Above all, we have attempted to convey the extent to which Bhai Nand Lal was intimately imbued in love for the Guru and the various colors this love embodied for him. The ghazals take us on a journey of love, longing, and introspection. At times, Bhai Nand Lal directly addresses his Friend; at others, he wonders out loud with his audience, and at others, he queries himself.

Additionally, with each ghazal, we can catch a glimpse of Guru Gobind Singh Sahib’s court’s cultural milieu. Not only do the ghazals contain many references to the Guru Granth Sahib, but they also reveal Bhai Nand Lal’s engagement with the classical ghazal form, particularly through direct reference to the words and ideas of the Qu’ran and the Sufi poetry of figures like the Persian poet Rumi (1207-1273) and the subcontinental Sufi Amir Khusro (1253-1325). In keeping with the classical form, Bhai Nand Lal’s ghazals consist of couplets, each containing a complete thought unto itself. Each couplet ends with the same word or phrase (the radīf) and a consistent rhyme (the qafiyeh). We have attempted to maintain the form’s integrity by translating the radīf consistently in English to the greatest extent possible.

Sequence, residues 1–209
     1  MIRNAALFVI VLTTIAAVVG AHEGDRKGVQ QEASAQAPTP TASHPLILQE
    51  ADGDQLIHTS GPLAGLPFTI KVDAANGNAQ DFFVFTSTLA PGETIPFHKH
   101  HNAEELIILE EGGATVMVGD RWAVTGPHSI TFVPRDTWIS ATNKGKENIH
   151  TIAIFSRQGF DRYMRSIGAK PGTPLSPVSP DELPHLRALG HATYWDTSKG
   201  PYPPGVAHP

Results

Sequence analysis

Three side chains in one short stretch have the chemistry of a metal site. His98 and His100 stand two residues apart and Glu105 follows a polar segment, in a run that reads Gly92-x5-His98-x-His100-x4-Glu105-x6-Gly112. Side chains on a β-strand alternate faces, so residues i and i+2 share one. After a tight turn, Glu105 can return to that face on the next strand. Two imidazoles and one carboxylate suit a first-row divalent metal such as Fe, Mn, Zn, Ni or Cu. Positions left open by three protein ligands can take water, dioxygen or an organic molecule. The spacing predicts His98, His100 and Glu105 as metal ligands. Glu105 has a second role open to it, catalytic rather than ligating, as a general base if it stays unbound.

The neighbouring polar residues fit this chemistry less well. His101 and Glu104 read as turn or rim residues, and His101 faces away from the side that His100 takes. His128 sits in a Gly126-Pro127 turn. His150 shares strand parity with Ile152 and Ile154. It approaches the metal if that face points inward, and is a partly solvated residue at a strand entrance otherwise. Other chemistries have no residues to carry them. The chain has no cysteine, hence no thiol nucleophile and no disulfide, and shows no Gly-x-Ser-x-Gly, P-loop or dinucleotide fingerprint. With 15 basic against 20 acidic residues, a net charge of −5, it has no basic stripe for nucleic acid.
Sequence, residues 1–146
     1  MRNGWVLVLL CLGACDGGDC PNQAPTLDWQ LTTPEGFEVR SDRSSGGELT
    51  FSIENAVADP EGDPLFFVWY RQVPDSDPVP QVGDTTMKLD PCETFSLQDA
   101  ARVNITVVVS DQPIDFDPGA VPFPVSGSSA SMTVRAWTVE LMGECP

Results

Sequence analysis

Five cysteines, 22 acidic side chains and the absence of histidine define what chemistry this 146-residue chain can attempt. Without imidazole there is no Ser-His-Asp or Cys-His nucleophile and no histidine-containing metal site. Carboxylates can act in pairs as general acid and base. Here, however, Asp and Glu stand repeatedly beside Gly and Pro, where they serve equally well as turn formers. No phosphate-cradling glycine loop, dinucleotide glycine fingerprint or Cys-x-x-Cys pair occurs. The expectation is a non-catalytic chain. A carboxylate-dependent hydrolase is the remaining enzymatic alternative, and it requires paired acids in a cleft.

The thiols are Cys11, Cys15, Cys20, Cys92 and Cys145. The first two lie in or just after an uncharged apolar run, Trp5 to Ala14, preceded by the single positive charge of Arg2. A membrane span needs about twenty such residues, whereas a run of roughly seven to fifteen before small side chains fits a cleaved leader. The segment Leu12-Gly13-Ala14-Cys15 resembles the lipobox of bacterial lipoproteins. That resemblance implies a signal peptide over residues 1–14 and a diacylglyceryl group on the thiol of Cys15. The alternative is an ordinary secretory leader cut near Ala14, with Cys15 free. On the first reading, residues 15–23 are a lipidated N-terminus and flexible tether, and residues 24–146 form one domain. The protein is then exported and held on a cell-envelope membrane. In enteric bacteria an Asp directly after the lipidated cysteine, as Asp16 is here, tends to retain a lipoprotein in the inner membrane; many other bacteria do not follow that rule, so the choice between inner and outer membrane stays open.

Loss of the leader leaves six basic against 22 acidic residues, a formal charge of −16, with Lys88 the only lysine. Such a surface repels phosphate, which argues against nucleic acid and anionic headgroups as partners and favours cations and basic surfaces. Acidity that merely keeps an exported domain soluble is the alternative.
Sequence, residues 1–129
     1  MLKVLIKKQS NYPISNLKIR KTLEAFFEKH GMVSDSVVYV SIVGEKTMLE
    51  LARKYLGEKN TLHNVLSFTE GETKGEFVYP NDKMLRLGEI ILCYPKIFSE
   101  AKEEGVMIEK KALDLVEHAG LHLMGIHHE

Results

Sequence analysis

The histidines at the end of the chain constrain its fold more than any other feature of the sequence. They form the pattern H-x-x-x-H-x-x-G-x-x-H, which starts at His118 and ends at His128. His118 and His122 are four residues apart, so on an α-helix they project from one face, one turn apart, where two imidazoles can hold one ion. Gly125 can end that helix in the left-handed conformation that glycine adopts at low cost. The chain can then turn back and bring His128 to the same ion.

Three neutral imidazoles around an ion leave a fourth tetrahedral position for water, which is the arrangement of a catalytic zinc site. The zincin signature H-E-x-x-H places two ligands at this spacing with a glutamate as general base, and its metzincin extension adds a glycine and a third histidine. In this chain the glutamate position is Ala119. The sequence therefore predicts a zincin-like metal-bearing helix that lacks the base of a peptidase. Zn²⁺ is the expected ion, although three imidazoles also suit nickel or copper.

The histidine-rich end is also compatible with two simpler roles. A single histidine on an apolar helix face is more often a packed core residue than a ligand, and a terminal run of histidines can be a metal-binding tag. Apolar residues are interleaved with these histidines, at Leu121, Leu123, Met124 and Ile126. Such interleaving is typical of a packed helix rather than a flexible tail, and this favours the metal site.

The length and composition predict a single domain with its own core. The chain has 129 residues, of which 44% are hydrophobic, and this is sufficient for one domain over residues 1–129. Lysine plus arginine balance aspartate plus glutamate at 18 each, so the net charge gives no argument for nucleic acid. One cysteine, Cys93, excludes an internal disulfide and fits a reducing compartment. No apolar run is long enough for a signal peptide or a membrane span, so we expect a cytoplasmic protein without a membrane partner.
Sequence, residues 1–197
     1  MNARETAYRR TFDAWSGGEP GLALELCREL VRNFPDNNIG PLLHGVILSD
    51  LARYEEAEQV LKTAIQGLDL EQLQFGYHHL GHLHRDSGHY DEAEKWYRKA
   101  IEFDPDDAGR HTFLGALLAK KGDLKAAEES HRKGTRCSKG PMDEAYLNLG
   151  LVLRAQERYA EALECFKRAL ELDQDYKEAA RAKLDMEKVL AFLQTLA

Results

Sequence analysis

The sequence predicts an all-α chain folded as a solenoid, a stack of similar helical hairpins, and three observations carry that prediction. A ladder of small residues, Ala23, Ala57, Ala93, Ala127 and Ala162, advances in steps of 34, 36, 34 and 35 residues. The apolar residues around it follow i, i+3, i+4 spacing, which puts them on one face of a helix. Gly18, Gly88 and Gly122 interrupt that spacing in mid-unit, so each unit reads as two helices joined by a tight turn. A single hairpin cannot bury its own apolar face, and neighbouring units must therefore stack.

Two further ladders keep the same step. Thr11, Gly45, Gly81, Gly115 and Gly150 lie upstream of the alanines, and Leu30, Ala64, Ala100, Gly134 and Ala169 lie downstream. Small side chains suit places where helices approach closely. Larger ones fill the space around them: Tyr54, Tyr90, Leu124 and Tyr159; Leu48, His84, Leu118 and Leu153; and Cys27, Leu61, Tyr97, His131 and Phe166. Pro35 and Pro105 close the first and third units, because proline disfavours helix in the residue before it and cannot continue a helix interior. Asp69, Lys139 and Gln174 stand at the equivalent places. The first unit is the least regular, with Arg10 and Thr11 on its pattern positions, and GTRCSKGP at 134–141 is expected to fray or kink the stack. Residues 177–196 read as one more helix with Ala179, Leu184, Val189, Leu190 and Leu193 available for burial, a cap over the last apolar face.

Who was Bhai Nand Lal Goya?

Bhai Nand Lal Goya (1633-1713) was one of Guru Gobind Singh Sahib’s fifty-two poets. Born in Ghazni in Afghanistan in 1633, he was twenty-three years older than the Guru. His father was Diwan Chajju Ram, Mir Munshi, or Chief Secretary of the Governor of Ghazni. As a child, Bhai Nand Lal acquired proficiency in both Persian and Arabic. He had an aptitude for poetry and began to compose poetry at the age of twelve under the pen name ‘Goya.’